3 September 2015, al Shabaab ISSUES THREAT WARNING ON HOTELS, BEACH AREAS

This post was also published on the SecureHotel.US website.

The Somalia-based insurgent group al Shabaab issued the following warning on 2 September:

“Let Muslims avoid going to the hotels where men and women misbehave…anybody engaged in this immoral culture is seen as part of the enemies that invaded Somalia.”

Sheikh Ali Jabal, the group’s commander for the Mogadishu area, issued the statement. The immediate meaning is this: al Shabaab is likely to attack a bar, restaurant, hotel, resort, and/or beach area in the near future.

Press reports say the warning was aimed at locations in Somalia as thousands of overseas-based Somalis that had previously left the country because of more than two decades of fighting have recently returned to a perceived lowered threat environment, and they are frequenting bars, nightclubs, hotels, and waterfront areas.

Muir Analytics has not seen any more of the threat statement issued, so at this stage, without additional information, it would caution against assuming Sheikh Ali Jabal meant to target only Somalia.

First, terrorists achieve sensational press from attacking hotels. These operations usually reap high casualties, and they subsequently spread fear by grabbing headlines for months on end. The ISIS attack on the Riu Imperial Marhaba in Sousse, Tunisia, on 26 June 2015 proves this point. If al Shabaab believes it can achieve similar headlines by attacking a regional venue such as a posh hotel in Kenya, then it might not geographically restrict itself.

Second, al Shabaab striking an international venue beyond the immediate region is possible (but less likely) as the organization has networks overseas in places like Minneapolis in the United States. This is demonstrated by al Shabaab’s covert recruiting cells there that have netted more than 30 Somali-Americans to serve as combatants in Somalia. It should be noted, however, that al Shabaab has not yet carried out such an international operation.

Third, al Shabaab might also strike regionally or internationally over competition with, or by being inspired by, the more audacious and headline-grabbling ISIS that also stages international attacks.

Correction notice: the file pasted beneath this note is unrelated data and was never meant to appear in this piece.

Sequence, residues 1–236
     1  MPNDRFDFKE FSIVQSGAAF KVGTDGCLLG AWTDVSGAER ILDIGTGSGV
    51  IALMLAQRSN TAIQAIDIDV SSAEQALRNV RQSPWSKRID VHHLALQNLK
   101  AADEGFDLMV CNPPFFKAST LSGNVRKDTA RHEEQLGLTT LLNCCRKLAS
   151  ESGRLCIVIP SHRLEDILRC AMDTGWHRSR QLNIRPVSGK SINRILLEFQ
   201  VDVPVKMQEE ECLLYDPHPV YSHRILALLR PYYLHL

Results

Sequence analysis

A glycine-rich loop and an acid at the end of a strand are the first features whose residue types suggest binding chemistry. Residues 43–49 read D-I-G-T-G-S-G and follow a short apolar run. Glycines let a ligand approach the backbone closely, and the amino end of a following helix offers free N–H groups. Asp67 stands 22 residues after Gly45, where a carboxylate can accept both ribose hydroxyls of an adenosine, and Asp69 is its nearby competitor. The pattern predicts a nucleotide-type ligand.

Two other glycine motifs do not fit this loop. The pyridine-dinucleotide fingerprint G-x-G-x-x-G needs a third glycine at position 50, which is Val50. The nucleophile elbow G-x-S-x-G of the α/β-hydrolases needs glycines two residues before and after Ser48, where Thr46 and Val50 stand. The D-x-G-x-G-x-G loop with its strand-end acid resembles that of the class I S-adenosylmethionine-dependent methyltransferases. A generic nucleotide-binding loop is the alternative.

Fourth, the message from Sheikh Ali Jabal warns, 1) Muslims to avoid hotels and the like, and, 2) it admonishes “invaders” of Somalia – in part meaning the countries that have participated in the fight against al Shabaab, specifically AMISOM forces (African Union Mission in Somalia). The “Muslim” and “invader” terminology could apply to regional Muslim communities living in AMISOM countries that include Burundi, Djibouti, Ethiopia, Kenya, Sierra Leone, Uganda, Ghana, and Nigeria. (It should be noted, however, that the U.S. and other Western countries have also supported these operations.)

Finally, al Shabaab and its franchises have attacked targets in Uganda, Kenya, and Tanzania. Doing so again would be well within its operational capacity.

Having made these points, a strike local to Somalia certainly makes sense. It is al Shabaab’s primary battlespace. Beyond geography, al Shabaab sees returning Somalis as bringing an impure or haram (forbidden) “Western” or “party” culture to Somalia, an “invasion” of sorts. Al Shabaab perceives this as directly attacking the Islamist jihadist society it has fought to impose on the whole country for decades. It is logical and demonstrated by historical patterns that the group would attack local targets after losing domestic territory and influence to AMISOM and international counter terror and counterinsurgency operations.

Regardless of the strike location, the warning by Sheikh Ali Jabal satisfies strict Islamist jihadist law that requires warning enemies before striking them. The warning is official and should be taken seriously. History shows that when al Shabaab makes a threat, the vast majority of the time, that threat is carried out.

Al Shabaab recently increased its operational tempo by attacking the AMISOM Janaale military base in Somalia on 31 August, killing at least 12. Al Shabaab claimed it killed 50. It has the operational capacity, military momentum, and ideological motivation to strike again.

Sources and further reading:

Uganda: Al-Shabaab Somalia Attack ‘A Game Changer’ – UPDF, All Africa.com, 3 September 2015.

Somali Islamists warn against “immoral culture” at hotels, beaches,” Reuters, 2 September 2015.

AMISOM Background

 

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